Curology Customized 3-Step Set

overall Rating:

1.75

planets

Devin Carver
3/19/2021
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Curology’s branding and marketing campaigns clearly champion transparency and educating the consumer not only about best skincare practices, but also about being a conscious consumer. I think this concept is beautifully encapsulated in their mission statement of: “Share the Knowledge.” Their language is not only accessible but has personality behind it, which gives you the assurance that the company is centered around informing the consumer.

what it's made of:

1.5

Curology’s 3-Step Set is a skincare product that includes a cleanser, moisturizer, and a custom formula which is specific to each consumer. The moisturizer is a six ingredient cream that contains natural ingredients such as aloe and shea butter. The cleanser contains ingredients that are all oil-free and gluten-free. While the custom formula is specific to each customer and therefore makes it harder to pinpoint a generalized environmental impact, some of the ingredients used in the formula include clindamycin and zinc pyrithione, both of which fight bacteria and fungus. While both products serve the purpose of healing skin blemishes, the impacts on the physical environment are not as widely understood as they are for your skin. Clindamycin is an antibiotic, and therefore is a medication that may produce harmful effects such as antibiotic resistance with over-use. The scientific impacts of long term antibiotic exposure on both the human body and environment are still being studied, meaning that the full implications are unknown. It is thus hard to discern the true environmental impact of the custom formula in Curology’s 3-Step Set since 1. each formula is specific to the consumer and 2. a large number of the formulas contain antibiotics which may negatively impact the environment. The main takeaway however from the composition of the products is the fact that there are no parabens or dyes, which bodes well for the environment since parabens have been found in marine life and are linked to the cosmetic products consumers use.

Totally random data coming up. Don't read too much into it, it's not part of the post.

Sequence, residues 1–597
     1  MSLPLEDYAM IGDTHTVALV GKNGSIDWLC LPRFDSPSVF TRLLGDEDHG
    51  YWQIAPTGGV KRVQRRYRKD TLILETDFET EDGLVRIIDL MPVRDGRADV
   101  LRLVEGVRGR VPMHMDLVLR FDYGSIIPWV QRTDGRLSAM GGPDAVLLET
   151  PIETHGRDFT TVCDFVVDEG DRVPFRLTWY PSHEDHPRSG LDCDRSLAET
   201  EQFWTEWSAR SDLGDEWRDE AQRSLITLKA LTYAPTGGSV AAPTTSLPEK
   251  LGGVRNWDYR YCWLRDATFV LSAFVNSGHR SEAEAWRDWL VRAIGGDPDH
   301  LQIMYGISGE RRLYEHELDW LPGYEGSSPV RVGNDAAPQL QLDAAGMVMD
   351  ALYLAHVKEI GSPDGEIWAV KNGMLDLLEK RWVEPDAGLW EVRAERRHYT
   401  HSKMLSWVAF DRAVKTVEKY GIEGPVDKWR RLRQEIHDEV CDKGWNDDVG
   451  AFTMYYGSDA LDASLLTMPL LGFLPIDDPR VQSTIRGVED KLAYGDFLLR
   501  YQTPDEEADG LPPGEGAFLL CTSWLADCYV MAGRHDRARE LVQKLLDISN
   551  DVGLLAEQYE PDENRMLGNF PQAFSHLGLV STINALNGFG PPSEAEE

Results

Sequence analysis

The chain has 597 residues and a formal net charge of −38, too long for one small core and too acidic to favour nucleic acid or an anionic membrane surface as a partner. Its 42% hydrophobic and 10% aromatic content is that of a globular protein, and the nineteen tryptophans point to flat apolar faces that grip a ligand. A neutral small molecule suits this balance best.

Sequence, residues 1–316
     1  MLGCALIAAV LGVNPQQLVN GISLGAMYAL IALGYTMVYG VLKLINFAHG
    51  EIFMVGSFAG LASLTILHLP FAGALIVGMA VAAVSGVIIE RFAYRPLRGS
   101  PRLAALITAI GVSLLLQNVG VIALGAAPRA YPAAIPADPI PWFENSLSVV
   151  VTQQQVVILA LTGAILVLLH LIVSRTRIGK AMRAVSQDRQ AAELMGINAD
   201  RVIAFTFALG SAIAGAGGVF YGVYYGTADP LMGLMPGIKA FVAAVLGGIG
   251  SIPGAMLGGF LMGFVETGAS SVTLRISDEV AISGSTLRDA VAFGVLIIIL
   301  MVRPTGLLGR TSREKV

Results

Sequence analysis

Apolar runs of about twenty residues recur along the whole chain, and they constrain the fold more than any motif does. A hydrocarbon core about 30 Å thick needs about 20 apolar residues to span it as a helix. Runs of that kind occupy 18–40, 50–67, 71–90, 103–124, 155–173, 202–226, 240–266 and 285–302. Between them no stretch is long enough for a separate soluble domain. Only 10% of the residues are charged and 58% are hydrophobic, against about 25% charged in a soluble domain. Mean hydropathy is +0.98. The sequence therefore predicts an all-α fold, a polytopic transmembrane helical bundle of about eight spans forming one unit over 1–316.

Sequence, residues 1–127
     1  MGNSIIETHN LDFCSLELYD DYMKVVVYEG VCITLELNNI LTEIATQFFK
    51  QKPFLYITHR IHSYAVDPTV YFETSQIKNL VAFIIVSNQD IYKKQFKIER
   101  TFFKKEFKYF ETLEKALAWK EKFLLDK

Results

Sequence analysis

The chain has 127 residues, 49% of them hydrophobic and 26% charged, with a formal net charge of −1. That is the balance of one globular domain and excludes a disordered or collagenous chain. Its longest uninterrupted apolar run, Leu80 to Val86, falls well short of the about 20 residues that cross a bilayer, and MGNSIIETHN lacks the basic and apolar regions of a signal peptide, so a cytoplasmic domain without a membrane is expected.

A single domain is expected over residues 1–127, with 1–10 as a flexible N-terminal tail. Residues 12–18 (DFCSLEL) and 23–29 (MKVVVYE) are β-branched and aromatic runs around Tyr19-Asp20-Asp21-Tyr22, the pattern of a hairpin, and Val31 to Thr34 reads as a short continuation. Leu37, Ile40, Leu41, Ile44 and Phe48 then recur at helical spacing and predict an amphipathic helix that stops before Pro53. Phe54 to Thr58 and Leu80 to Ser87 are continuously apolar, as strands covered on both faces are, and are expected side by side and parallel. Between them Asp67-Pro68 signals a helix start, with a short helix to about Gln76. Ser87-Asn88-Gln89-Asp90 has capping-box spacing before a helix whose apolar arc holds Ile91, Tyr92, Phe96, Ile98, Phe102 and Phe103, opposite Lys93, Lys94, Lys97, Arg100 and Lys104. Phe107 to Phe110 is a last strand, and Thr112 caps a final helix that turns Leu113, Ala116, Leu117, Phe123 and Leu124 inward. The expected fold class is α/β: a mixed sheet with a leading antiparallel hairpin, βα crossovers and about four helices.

how it's made:

2

Each product that is manufactured and sold by Curology comes with the knowledge that you are receiving a cruelty-free and vegan-friendly product. This means that in the production stage, Curology does not test on animals and instead utilizes scientific innovation to test on lab grown samples. The three products come packaged in plastic (ASB plastic and polypropolyene), that with the help of the consumer to follow through on proper recycling tactics, can be recycled—even the bottle that includes the prescription formula. The set arrives to your home in a small cardboard box that uses space in an effective way to reduce excess waste. However, each package which arrives bi-monthly includes the same three fliers each time, which is excessive after several months of receiving the product and can be chalked up to a waste of paper.

who makes it:

2.5

Curology’s guiding mission is to create a personalized skincare regimen for each consumer by utilizing information from both the consumer and a certified dermatologist. The brand was started in 2014 by Dr. David Lortscher who noticed an accessibility gap in the dermatology field. Their website includes a vast array of blog posts that give specific insights into their ethical and environmentally-driven practices, such as a commitment to never test on animals and how to recycle their products once empty, to name a couple. In addition to promising completely vegan and cruelty-free products, Curology also markets the fact that their products are paraben-free and dye-free, which emphasize the environmental consciousness of the company as well.

sources:

https://blog.curology.com/how-to-recycle-cosmetics-skincare-product-containers-1b89fef8a47f https://blog.curology.com/the-gap-in-access-how-this-startup-is-providing-dermatology-to-everyone-well-almost-dfdf5abc8ac9 https://blog.curology.com/why-curology-is-cruelty-free-and-vegan-friendly-c997653266e7 https://blog.curology.com/why-curology-exists-and-whats-next-45ba2673d8d3 https://www.ncbi.nlm.nih.gov/pmc/articles/PMC1299201/ https://www.elle.com/uk/beauty/skin/articles/a36356/what-are-parabens/